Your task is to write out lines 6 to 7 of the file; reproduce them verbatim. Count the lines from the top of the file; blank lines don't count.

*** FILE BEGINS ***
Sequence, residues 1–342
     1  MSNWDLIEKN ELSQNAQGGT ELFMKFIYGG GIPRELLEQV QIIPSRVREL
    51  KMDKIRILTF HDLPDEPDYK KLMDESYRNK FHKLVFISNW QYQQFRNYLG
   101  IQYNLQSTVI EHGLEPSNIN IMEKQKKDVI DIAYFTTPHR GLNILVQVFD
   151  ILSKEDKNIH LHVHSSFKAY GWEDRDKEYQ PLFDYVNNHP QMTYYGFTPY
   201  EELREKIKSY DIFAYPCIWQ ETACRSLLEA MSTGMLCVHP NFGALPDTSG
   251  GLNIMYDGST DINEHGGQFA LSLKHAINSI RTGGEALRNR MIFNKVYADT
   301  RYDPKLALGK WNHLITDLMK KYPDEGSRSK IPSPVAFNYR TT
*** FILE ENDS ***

   201  EELREKIKSY DIFAYPCIWQ ETACRSLLEA MSTGMLCVHP NFGALPDTSG
   251  GLNIMYDGST DINEHGGQFA LSLKHAINSI RTGGEALRNR MIFNKVYADT